Can Meditation Help You Stress Less?
Everyone seems to be talking about meditation and mindfulness lately. It’s on talk shows, magazine covers, in yoga studios, even in schools. Everyone from celebrities to the retiree down the street touts the benefits of meditation, and there are even meditation apps and instructional YouTube videos. Why are so many people suddenly seeking out meditation? What’s in it for you and your family? And how do you get started?
What is meditation?
Meditation has been around for centuries, but the ancient practice has gone mainstream. Medical studies show that regular meditators boast the ability to tune out distractions, be more present in the moment, and even lower blood pressure and reduce symptoms of anxiety and depression. Some schools have implemented meditation and have found that it reduces children’s stress and improves academic performance.
There are many different kinds of meditation. Some involve sitting, some involve movement, some include the repetition of a mantra (like “Ommm”), and some include music.
Dispelling the myths
There are some misconceptions about meditation. It’s not a religious practice, though many religions do include an aspect of meditation. And meditation does not mean erasing or blocking all thoughts from your mind. Rather, it’s a way of becoming aware of your thoughts and learning how to let go of the thoughts that cause stress and anxiety. Essentially, meditation teaches you how to be in control of your mind which may lead to a healthy body.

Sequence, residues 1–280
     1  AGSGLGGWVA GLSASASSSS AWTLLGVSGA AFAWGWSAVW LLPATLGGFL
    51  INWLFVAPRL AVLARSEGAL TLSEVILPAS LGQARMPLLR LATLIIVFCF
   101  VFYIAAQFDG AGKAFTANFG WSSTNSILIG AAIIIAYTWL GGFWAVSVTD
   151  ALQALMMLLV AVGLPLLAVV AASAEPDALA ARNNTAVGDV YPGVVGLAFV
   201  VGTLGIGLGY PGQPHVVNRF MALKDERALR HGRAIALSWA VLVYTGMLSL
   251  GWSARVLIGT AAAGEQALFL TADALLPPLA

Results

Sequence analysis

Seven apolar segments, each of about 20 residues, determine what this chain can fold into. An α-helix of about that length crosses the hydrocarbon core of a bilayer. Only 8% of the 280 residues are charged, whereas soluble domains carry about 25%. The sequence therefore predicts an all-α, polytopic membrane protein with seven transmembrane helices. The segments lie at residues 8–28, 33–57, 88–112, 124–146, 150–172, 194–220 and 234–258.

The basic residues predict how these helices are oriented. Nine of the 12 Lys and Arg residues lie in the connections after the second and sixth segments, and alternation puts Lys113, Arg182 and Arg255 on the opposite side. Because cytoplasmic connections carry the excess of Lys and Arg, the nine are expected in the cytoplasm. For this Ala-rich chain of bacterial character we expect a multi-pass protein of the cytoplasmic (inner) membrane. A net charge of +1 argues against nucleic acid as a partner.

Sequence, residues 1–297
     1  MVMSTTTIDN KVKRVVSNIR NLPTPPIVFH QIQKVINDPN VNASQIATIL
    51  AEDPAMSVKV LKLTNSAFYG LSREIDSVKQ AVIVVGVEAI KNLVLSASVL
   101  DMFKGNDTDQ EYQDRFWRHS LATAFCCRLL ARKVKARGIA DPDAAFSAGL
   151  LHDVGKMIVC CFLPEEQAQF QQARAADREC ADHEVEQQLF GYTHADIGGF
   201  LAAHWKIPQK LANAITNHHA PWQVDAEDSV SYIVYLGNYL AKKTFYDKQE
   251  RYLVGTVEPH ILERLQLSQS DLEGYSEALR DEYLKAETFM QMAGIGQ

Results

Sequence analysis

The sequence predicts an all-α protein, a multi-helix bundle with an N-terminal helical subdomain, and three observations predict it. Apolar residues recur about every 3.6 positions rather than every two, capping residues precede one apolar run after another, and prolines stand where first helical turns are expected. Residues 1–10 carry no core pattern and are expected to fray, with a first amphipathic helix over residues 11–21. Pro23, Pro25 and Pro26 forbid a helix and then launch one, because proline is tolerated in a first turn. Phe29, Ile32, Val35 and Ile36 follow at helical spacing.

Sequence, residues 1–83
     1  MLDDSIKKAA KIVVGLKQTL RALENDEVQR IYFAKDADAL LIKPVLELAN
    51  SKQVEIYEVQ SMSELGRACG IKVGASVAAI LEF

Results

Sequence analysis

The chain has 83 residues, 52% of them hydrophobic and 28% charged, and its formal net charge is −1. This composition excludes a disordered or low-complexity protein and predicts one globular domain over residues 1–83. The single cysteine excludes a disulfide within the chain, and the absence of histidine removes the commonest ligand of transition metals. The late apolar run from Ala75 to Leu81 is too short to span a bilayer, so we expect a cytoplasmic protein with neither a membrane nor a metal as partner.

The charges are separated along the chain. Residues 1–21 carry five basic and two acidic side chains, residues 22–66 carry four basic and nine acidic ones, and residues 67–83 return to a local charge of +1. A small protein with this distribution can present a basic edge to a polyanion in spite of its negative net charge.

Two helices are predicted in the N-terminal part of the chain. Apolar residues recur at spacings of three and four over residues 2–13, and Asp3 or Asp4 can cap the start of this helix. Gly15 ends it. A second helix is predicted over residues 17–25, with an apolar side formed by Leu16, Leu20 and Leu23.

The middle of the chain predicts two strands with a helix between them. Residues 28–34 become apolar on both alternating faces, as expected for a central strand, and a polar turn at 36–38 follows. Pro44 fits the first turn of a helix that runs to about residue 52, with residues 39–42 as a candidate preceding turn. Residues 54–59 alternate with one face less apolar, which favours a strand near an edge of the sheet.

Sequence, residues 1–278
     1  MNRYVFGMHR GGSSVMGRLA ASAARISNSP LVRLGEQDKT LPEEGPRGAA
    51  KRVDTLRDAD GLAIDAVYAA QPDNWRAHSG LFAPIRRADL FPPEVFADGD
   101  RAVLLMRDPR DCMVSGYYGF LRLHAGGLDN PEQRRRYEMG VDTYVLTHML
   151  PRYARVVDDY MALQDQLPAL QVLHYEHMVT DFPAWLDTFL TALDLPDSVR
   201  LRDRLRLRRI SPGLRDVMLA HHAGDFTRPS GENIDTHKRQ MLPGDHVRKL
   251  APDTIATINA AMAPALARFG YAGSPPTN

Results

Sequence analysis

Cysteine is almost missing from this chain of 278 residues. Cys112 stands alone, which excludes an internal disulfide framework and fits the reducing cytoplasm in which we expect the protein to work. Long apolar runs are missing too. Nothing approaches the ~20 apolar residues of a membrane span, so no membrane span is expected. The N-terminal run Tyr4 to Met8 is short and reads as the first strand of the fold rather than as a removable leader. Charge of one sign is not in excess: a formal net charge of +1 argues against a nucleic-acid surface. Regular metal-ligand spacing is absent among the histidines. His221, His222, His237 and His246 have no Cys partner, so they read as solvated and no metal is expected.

While meditation may look like sitting around daydreaming or doing nothing, in fact, it’s an active process of going deeper into your mind and body and becoming aware of them. As anyone who’s ever tried meditation will agree, this is much easier said than done! That’s why beginners will have the best results getting instruction from experienced teachers.
It’s also important to understand that while meditation has proven health benefits, it’s not meant to be a treatment or cure for any medical conditions.
How to get started
Check with your local community center, health club, or yoga studio to see if they offer any introductory meditation or mindfulness classes for families. Most places will let you try out a class for free. You can also search for guided meditations on YouTube — or guided meditations for children — and find hundreds of videos geared toward relaxation and reducing stress. There are even meditation apps you can download on your smartphone. A popular one, called Headspace, was developed by a former Buddhist monk to introduce people to meditation in just 10 minutes a day.
No matter how you go about it, the goal of any meditation practice is the same: to slow down, breathe, and be fully present in the moment. And that’s something the whole family can benefit from.